2. Notes
1. A Thomas Magne-Matic Stirrer Model 15 (available from the Arthur H. Thomas Company, Philadelphia, Pennsylvania, was used in conjunction with a 5-cm., Teflon-coated, egg-shaped magnet.
2. Cyclododecanone was obtained from the Aldrich Chemical Company, Inc., and used without purification.
3. Solvent grade benzene was dried over sodium wire prior to use. If a voluminous sludge forms on drying, the solvent should be distilled from sodium.
4. Various brands and grades of bromine were used without noticeable difference (however, cf. reference 2). Bromine was added until a light orange color persisted for more than 2 minutes, which occasionally required the addition of a few drops in excess of the theoretical amount.
5. At this stage, the addition of a small amount of anhydrous potassium hydrogen carbonate powder to the residual reaction mixture should not cause evolution of carbon dioxide gas.
6. The submitters used the reagent as supplied by Mallinckrodt Chemical Works. The checkers have occasionally found that commercially available sodium methoxide has deteriorated on storage over an extended period, unless the reagent has been properly protected from moisture. Therefore, it was prepared in the following manner. A 2-l., three-necked, round-bottomed flask was equipped with a magnetic stirrer and a reflux condenser and flushed with dry nitrogen through a gas bubbler attached to the top of the condenser. Into this flask was distilled approximately 600 ml. of absolute methanol (dried with magnesium methoxide), and then 69 g. of sodium was added in 1–3-g. portions. After all of the sodium had dissolved, the methanol was distilled, first at atmospheric and then at reduced pressure. The resulting mass of sodium methoxide was powdered under nitrogen and dried under vacuum at 150° for 8 hours. Titration of the reagent against 0.1311 N hydrochloric acid showed it to be 97.5% pure.
7. GC analysis of the product showed two major peaks (relative intensity, 5:1), and the mass spectrum of each peak revealed a molecular ion at m/e 210. The 1H NMR spectrum of the mixture showed that the two products were geometrically isomeric esters.
8. Practical grade sodium azide was obtained from Eastman Organic Chemicals, and lumps were broken up with a spatula. Care was taken to avoid contact of sodium azide with the skin.
9. The cycloundecanone solidified on cooling and melted at 16.2–16.6°. GC analysis of the product showed a single peak [1.5 m. by 3.2 mm. column, 5% SE-30 on Chromosorb W, at 125° (submitters); 1.5 m. by 3.2 mm. column, UC-W98, 150°, retention time 10.25 minutes (checkers)]. 1H NMR (CDCl3), δ (multiplicity, number of protons): 1.3–2.1 (m, 16H), 2.4–2.7 (m, 4H); IR (neat) cm−1: 1700, very strong.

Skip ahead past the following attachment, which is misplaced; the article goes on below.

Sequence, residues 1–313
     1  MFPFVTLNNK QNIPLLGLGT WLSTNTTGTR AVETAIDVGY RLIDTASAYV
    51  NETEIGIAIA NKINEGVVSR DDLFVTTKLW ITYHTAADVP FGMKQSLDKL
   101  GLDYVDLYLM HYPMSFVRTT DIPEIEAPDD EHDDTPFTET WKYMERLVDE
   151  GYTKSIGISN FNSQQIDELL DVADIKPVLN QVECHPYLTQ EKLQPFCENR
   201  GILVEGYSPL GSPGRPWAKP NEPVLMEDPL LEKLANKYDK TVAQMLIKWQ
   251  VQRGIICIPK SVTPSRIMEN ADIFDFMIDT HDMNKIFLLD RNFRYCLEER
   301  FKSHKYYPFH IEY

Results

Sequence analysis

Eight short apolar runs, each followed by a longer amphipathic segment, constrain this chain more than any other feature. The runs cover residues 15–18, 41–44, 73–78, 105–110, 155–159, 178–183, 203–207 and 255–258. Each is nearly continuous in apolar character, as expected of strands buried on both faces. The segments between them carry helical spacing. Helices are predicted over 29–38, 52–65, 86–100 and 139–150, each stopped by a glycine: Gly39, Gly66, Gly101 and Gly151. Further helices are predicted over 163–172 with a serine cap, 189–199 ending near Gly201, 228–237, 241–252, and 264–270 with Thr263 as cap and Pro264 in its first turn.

3. Discussion
Cycloundecanone has been prepared in several ways: (a) pyrolysis of the thorium salt of dodecanedioic acid,3 (b) reduction of 2-hydroxycycloundecanone,4,5 (c) ring expansion of several lower homologs of cycloundecanone,6 (d) Curtius degradation of 1-cycloundecenecarboxylic acid,2 and (e) hydrolysis of 1-methoxycycloundecene.7
The present method, a modification of a procedure described previously by the submitters,8 gives higher yields and is less expensive and more expeditious than the previously published methods. This route, involving a Favorskii-type rearrangement, has the potential of being widely applicable for the preparation of the lower homolog of a ketone having at least one hydrogen atom at each α-position. For example, cyclodecanone has been prepared in 77% yield from cycloundecanone by essentially the same procedure.8

References and Notes
  1. Department of Chemistry, University of Minnesota, Minneapolis, Minnesota 55455. [Present address: Environmental Concern, P.O. Box P, St. Michaels, Maryland 21663.]
  2. K. Schank and B. Eistert, Chem. Ber., 98, 650 (1965).
  3. L. Ruzicka, M. Stoll, and H. Schinz, Helv. Chim. Acta, 9, 249 (1926).
  4. K. Ziegler, H. Sauer, L. Bruns, H. Froitzheim-Kühlhorn, and J. Schneider, Justus Liebigs Ann. Chem., 589, 122 (1954).
  5. R. W. Fawcett and J. O. Harris, J. Chem. Soc., 2673 (1954).
  6. E. Müller and M. Bauer, Justus Liebigs Ann. Chem., 654, 92 (1962).
  7. Rhone-Poulenc S. A., Neth. Pat. 6,605,908 [Chem. Abstr., 66, 85538s (1967)].
  8. E. W. Garbisch, Jr., and J. Wohllebe, J. Org. Chem., 33, 2157 (1968).

Chemical Abstracts Nomenclature (Collective Index Number);
(Registry Number)

sulfuric acid (7664-93-9)

hydrochloric acid (7647-01-0)

Benzene (71-43-2)

methanol (67-56-1)

diethyl ether (60-29-7)

chloroform (67-66-3)

sodium chloride (7647-14-5)


bromine (7726-95-6)

sodium sulfate (7757-82-6)

nitrogen (7727-37-9)

carbon dioxide (124-38-9)

sodium methoxide (124-41-4)

sodium (13966-32-0)

magnesium methoxide

sodium azide (26628-22-8)

Cyclodecanone (1502-06-3)

Cycloundecanone (878-13-7)

Methyl 1-cycloundecenecarboxylate (3667-72-9)

2,12-Dibromocyclododecanone (24459-40-3)


1-cycloundecenecarboxylic acid


potassium hydrogen carbonate (298-14-6)

cyclododecanone (830-13-7)

thorium salt of dodecanedioic acid